AMD Vega 10 & Vega 11 GPUs Detailed – Radeon 500 Series Showcase Coming Feb 28
Today AMD confirmed via a press release that it will be holding an exclusive showcase event for its Radeon 500 series Vega GPUs on Feb 28. The press event which is going to be part of GDC 2017 is called Capsaicin And Cream. We already reported on what the company plans to do in this event last week, so make sure to check out that article if you want to know what AMD has in store for this upcoming exclusive Radeon 500 series Vega preview.
Press release excerpt:
Hosted by Radeon Technologies Group’s Senior Vice President and Chief Architect, Raja Koduri, the show will be a celebration of PC gaming, the technology steering its future, and the developers who work tirelessly to transform their imaginations into tomorrow’s blockbuster games.
The one-hour live event will offer PC gaming enthusiasts and developers around the world a preview of AMD’s latest graphics and processor technologies, reveal exciting new details surrounding Vega, and showcase the summer’s most anticipated PC and VR games from visionary game developers.
Last week we also detailed AMD’s plan to roll out its next generation Radeon 500 series Vega family of graphics cards in May. Today, our friends over at VCZ have corroborated that report, stating that the new Radeon 500 series should indeed land in May.
So, where exactly will Vega GPUs compete in the market and what kind of performance are they going to offer?
Vega 10 Is AMD’s Next Fury, Will Compete With The GTX 1080 & Upcoming GTX 1080 Ti
Let’s start off with the basics. There are two new Vega GPUs called Vega 10 and Vega 11. Vega 10 is the bigger of the two. This chip will be the flagship of the new Radeon 500 series stack and is set to compete with the GTX 1080 and the upcoming GTX 1080 TI. An early engineering sample of this GPU has already been demonstrated in action, outperforming the GTX 1080 by approximately 10% whilst running on 300 series Fury drivers.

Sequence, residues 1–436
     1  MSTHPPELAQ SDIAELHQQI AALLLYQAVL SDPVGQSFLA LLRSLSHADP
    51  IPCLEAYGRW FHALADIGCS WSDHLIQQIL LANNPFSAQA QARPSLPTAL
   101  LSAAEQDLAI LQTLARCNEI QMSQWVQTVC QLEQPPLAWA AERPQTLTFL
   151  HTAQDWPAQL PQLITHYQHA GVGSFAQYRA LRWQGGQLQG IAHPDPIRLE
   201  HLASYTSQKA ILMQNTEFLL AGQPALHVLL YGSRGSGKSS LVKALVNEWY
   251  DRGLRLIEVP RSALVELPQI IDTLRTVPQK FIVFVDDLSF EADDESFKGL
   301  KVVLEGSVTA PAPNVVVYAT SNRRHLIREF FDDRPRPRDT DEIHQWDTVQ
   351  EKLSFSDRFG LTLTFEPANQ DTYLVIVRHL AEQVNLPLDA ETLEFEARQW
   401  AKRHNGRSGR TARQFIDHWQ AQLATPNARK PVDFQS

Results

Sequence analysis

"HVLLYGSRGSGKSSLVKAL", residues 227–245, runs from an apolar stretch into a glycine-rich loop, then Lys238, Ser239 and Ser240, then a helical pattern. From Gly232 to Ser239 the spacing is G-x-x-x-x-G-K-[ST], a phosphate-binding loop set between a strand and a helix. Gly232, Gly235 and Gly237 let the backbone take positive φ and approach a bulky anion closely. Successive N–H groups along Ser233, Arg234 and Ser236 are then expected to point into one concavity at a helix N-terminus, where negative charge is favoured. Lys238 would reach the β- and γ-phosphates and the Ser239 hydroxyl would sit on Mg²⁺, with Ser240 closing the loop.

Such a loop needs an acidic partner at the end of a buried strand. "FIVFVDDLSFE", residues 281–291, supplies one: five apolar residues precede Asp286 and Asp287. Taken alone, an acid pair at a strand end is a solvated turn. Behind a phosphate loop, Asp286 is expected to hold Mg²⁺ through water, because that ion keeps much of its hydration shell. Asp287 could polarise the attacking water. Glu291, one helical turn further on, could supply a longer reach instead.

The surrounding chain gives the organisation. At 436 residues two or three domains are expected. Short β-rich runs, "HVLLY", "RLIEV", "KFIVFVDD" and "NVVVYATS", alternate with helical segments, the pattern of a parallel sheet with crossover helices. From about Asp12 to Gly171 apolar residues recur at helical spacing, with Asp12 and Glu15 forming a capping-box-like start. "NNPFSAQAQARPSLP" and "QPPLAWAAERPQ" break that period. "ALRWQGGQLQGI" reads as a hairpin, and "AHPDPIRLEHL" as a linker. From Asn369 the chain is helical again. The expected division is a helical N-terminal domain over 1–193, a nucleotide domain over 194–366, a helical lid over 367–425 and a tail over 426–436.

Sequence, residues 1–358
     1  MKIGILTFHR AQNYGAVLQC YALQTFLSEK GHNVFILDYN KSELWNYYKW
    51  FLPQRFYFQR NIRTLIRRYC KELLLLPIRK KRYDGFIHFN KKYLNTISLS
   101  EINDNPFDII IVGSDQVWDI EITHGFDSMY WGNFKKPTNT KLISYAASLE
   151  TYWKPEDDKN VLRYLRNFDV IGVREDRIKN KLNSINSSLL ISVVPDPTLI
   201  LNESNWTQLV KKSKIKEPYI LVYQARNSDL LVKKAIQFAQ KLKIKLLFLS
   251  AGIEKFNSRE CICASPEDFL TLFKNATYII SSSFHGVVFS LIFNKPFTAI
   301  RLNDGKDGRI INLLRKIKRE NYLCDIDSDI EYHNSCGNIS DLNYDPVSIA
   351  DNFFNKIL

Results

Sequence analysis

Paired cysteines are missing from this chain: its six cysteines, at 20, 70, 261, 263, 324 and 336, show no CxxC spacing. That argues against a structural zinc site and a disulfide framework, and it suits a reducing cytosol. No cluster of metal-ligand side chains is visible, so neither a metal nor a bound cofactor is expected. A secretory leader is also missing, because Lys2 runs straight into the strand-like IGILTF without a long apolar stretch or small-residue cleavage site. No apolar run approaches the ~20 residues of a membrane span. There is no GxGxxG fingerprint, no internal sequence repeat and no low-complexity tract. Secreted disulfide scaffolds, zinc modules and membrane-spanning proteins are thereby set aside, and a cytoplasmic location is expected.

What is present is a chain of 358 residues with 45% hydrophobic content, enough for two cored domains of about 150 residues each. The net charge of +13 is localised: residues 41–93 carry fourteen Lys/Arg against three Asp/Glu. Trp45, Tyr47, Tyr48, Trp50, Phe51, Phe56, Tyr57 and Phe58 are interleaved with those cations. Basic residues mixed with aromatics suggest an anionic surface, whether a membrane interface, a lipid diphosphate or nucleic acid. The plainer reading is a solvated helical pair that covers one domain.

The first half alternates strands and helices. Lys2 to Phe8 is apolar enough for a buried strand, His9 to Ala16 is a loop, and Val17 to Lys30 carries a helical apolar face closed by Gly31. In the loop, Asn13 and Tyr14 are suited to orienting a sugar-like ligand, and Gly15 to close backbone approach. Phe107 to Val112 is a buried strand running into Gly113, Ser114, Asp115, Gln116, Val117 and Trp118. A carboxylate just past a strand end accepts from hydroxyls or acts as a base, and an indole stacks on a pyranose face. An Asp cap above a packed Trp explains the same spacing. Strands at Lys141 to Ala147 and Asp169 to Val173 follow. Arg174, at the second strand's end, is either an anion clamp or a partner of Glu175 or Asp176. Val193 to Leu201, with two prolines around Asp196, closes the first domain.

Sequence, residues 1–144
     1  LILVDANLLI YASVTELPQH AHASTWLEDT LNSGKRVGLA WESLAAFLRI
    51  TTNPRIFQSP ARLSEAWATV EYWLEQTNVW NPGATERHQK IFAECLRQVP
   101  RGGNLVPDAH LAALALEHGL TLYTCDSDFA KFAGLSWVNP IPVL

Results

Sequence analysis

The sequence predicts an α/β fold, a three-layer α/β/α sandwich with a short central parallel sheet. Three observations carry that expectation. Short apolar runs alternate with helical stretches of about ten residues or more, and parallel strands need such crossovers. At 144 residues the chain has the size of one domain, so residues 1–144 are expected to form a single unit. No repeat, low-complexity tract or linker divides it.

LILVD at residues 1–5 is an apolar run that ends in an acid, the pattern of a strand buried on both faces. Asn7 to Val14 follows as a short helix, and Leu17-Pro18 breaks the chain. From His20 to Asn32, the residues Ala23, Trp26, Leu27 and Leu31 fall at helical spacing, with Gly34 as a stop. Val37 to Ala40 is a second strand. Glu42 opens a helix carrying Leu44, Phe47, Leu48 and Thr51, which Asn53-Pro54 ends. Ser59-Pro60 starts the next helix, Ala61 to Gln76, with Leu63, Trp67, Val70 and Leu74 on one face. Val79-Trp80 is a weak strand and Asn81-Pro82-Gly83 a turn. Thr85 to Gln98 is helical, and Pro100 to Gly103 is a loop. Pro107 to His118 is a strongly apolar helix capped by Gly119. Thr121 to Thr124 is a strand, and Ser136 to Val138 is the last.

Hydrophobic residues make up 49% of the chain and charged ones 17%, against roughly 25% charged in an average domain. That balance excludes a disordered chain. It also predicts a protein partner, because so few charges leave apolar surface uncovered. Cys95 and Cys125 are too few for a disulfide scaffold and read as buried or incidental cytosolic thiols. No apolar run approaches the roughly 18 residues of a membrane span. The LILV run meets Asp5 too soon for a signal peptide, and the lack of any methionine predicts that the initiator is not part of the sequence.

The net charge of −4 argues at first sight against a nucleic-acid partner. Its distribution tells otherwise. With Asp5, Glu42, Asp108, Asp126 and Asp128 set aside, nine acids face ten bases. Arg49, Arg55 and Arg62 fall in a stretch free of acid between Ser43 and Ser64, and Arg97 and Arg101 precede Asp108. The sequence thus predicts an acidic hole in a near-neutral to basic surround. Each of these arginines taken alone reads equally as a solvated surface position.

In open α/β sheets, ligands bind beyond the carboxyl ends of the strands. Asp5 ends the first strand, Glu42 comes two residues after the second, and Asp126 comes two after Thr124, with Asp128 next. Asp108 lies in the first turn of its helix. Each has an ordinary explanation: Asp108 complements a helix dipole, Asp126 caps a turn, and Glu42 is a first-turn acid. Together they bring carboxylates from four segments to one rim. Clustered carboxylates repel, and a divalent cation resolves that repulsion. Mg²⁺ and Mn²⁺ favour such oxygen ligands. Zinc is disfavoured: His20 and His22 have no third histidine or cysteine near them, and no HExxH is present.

The performance is only bound to get better with more post silicon optimization and more fine-tune drivers. We’ve already heard reports that 80% of AMD’s current driver team is working on optimizing and fine tuning the drivers for Vega. So that’s a good sign.
Vega 11 To Compete At The Higher End Of The Mid-Range, Will Be AMD’s 1070
The smaller chip of the two is said to be AMD’s new high performance mid-range weapon, just like the GTX 1070 is to Nvidia’s arsenal. Whether this GPU will actually be on par, outperform or underperform the GTX 1070 is still unknown. This GPU hasn’t been part of any public showcase or demonstration to date. Making it a a prime target for AMD’s marketing time come February 28th where we might see the first ever preview of Vega 11. You can find the schedule for the AMD’s GDC 2017 activities here. Which will include a special session about optimizing games for the Vega architecture.
AMD Vega Lineup
|Graphics Card||Radeon R9 Fury X||Radeon RX 480||Radeon RX Vega Frontier Edition||Radeon Vega Pro||Radeon RX Vega (Gaming)||Radeon RX Vega Pro Duo|
|GPU||Fiji XT||Polaris 10||Vega 10||Vega 10||Vega 10||2x Vega 10|
|Process Node||28nm||14nm FinFET||FinFET||FinFET||FinFET||FinFET|
|Stream Processors||4096||2304||4096||3584||4096 (?)||Up to 8192|
8.6 (FP16) TFLOPS
5.8 (FP16) TFLOPS
~25 (FP16) TFLOPS
22 (FP16) TFLOPS
>25 (FP16) TFLOPS
|Memory||4GB HBM||8GB GDDR5||16GB HBM2||TBA||TBA||TBA|
|Launch||2015||2016||June 2017||June 2017||July 2017||TBA|
Vega Architecture Key Features
– 4x Power Efficiency
– 2x Peak Throughput/Performance Per Clock
– High Bandwidth Cache
– 2x Bandwidth per pin
– 8x Capacity Per stack (2nd Generation High Bandwidth Memory)
– 512TB Virtual Address Space
– Next Generation Compute Engine
– Next Generation Pixel Engine
– Next Generation Compute Unit optimized for higher clock speeds
– Rapid Packed Math
– Draw Stream Binning Rasterizer
– Primitive Shaders
You can find our full architectural deep-dive article here.